The conference of to-day is this treating with his enemies on the moment over. One of the French fubject of the rights or claims of plenipotentiaries informed me, that neutral powers. he had received this morning a let. The only other remark with
ter from the president of the di- which I have to trouble your lord: rectory, alluring him that in four ship by this messenger, relates to an
or five days they would receive expression in the late message of the their final instructions; and he directory to the council of five added of himself, that he trusted hundred, which, if literally taken, these would be such as would ena- conveys an accusation against his ble us to continue our work with- majesty's government, that some out any further interruption. I delay has arisen on the part of this faid, I hoped these intructions country in the negotiations at Life, would be in substance a counter. This is so avowedly contrary to project, as I did not see how any the fact, that it must be considered ihing Mort of one could enable us as impossible that such a charge
proceed so rapidly as he defcrib- could be intended to be made by 2 ed. He agreed with me entirely, government which had at that moand assured me, that both he and ment delayed for three weeks makhis colleagues had repeatedly stated ing any answer to his majesty's the neceflity of a counter project distinct and liberal proposals of being sent then); and he observed, peace, and whose plenipotentiaries that he really thought the French were daily apologising to your lordgovernment might have foreseen ship for this unbecoming, and, as every thing which had passed, and they almost confess, unaccountable been prepared with one ; and that delay; but as the point is too imIbis would have saved a great deal portant to be left unnoticed, it is of valuable time. As I could not the king's pleasure that your lordmyself bave said more, I readily ship Mouid present a note, remarkgave a full afsent to what I heard.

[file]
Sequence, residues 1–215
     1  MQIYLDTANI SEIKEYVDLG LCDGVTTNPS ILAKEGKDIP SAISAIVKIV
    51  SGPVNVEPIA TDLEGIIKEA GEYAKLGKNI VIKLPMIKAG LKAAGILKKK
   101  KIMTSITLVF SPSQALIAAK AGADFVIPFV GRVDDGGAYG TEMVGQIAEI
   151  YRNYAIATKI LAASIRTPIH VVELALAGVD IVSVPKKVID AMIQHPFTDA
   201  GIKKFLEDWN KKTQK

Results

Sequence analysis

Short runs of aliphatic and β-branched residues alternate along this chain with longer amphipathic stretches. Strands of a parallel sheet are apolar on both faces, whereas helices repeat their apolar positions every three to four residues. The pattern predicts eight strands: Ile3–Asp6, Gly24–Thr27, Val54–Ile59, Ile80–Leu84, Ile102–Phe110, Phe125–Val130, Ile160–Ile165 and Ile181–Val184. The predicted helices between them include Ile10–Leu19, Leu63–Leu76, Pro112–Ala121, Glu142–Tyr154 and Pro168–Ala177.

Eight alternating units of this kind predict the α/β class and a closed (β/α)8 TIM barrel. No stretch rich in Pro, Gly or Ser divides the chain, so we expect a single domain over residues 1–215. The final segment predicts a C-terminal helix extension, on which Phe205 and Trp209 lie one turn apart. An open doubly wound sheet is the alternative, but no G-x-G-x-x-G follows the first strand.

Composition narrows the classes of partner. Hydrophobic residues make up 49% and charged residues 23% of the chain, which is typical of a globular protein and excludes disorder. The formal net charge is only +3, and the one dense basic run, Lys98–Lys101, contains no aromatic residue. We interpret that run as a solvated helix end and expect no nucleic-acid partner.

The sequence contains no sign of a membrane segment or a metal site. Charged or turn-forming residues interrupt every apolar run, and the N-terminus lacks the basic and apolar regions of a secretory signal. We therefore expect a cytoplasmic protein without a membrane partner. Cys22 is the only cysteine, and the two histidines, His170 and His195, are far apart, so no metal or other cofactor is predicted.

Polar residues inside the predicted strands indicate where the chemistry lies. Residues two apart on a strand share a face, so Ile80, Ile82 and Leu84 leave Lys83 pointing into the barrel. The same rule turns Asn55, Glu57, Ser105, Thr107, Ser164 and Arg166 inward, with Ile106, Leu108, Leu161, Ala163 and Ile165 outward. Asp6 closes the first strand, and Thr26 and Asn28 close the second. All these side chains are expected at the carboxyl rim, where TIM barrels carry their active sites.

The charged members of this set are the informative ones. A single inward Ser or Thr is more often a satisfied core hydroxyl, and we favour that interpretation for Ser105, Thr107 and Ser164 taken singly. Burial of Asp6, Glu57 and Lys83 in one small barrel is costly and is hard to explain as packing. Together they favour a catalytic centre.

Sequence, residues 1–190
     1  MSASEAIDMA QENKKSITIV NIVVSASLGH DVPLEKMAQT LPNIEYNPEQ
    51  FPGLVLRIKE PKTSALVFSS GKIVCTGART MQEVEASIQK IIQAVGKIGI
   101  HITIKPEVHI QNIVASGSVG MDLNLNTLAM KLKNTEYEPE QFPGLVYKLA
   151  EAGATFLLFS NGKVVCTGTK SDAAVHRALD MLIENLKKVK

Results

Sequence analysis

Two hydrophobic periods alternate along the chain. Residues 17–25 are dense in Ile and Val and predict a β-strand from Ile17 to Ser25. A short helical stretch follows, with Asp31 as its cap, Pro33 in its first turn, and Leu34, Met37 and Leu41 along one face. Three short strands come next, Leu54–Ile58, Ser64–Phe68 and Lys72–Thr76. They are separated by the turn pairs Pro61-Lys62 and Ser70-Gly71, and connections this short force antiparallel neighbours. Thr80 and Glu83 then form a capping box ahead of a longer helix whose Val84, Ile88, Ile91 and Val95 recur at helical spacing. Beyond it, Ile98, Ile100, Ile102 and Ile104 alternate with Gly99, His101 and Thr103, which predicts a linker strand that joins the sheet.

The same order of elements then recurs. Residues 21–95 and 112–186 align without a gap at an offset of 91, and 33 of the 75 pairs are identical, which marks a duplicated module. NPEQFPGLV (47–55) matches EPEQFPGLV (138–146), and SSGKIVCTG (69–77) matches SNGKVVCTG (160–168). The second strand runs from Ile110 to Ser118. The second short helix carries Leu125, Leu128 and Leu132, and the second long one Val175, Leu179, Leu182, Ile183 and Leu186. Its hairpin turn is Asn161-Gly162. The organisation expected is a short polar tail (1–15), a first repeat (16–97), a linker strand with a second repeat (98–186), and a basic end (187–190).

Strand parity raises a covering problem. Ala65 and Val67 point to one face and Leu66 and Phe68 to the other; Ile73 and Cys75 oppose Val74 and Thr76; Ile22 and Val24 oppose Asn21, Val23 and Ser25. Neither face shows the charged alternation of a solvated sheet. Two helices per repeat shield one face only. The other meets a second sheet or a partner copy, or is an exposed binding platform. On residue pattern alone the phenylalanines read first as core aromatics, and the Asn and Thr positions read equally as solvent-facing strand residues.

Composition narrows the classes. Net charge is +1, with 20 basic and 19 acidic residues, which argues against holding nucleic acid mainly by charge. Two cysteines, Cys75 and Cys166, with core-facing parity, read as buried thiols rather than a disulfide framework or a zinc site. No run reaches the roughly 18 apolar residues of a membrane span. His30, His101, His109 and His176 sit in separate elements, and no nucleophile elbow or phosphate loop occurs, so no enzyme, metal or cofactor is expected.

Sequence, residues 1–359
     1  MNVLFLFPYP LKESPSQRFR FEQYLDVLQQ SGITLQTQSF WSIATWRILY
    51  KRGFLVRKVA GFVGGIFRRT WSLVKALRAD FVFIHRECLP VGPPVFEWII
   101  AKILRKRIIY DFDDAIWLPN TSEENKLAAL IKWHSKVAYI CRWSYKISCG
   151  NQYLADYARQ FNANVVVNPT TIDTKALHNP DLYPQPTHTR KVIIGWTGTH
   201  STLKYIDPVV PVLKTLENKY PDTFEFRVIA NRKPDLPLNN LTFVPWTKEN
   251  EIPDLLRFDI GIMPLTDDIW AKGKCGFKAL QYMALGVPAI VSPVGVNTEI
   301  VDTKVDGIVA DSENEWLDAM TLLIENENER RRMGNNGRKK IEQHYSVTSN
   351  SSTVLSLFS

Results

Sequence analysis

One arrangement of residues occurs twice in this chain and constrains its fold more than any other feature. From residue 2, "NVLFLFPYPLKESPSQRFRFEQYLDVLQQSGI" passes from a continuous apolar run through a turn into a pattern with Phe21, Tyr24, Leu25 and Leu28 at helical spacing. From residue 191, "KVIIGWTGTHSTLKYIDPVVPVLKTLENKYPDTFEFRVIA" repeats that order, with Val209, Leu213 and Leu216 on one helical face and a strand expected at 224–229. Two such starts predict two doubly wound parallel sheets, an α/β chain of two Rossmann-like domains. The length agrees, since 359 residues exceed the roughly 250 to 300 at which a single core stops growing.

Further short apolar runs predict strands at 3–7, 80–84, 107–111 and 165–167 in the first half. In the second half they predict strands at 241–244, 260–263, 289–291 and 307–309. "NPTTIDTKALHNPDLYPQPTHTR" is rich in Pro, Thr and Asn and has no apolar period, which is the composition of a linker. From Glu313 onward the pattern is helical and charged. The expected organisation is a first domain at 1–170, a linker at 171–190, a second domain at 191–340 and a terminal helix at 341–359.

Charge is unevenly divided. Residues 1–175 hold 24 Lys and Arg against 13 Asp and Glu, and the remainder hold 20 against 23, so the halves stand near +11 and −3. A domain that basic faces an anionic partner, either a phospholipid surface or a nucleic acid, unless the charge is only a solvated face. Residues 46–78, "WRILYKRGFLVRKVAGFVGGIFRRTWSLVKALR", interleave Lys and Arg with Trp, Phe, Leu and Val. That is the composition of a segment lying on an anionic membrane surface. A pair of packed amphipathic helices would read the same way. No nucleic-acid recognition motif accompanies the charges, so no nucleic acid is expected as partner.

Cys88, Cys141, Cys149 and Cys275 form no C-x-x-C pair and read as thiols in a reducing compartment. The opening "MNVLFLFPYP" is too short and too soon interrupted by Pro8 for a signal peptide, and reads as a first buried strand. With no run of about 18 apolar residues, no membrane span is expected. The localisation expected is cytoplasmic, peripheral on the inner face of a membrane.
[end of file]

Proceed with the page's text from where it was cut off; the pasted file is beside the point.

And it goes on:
ing upon the sense to which these
words are liable, expressing your (No. 30.)— Extract of a Dispatch persuasion that such cannot be the
from Lord Grenville 10 Lord intention with which they were Malmesbury, dated Downing-Street, used, but alking on the part of August 19, 1797
your court an explanation to that
effect, which cannot be refused An expresfion mentioned in one without a violation of every thing of your lordship's last dispatches which truth and justice require on to have fallen from one of the such an occalion. French plenipotentiaries, leads to the presumption that it is intended, (No. 31.) Extraël from the Mefon the part of France, to bring for Jage of the French Directory to iko ward some proposal about the na Council of Five Hundred, Ang. vigation of neutral powers in time Stk, 1797 of war. Your lord Arip will best judge of the proper opportunity of In short, this cause is in the expresing his majesty's decided and fame despondency in which all